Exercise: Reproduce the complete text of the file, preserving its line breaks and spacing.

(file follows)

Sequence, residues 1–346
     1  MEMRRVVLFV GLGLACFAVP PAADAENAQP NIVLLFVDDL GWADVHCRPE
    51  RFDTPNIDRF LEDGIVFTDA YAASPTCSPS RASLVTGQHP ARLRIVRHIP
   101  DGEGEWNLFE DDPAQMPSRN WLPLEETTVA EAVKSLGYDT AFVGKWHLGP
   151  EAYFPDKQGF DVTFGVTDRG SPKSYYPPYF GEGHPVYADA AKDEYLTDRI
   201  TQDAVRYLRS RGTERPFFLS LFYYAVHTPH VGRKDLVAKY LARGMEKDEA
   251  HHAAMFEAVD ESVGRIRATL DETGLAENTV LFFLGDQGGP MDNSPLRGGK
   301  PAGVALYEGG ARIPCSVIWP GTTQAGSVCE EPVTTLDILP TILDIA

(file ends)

Sequence, residues 1–346
     1  MEMRRVVLFV GLGLACFAVP PAADAENAQP NIVLLFVDDL GWADVHCRPE
    51  RFDTPNIDRF LEDGIVFTDA YAASPTCSPS RASLVTGQHP ARLRIVRHIP
   101  DGEGEWNLFE DDPAQMPSRN WLPLEETTVA EAVKSLGYDT AFVGKWHLGP
   151  EAYFPDKQGF DVTFGVTDRG SPKSYYPPYF GEGHPVYADA AKDEYLTDRI
   201  TQDAVRYLRS RGTERPFFLS LFYYAVHTPH VGRKDLVAKY LARGMEKDEA
   251  HHAAMFEAVD ESVGRIRATL DETGLAENTV LFFLGDQGGP MDNSPLRGGK
   301  PAGVALYEGG ARIPCSVIWP GTTQAGSVCE EPVTTLDILP TILDIA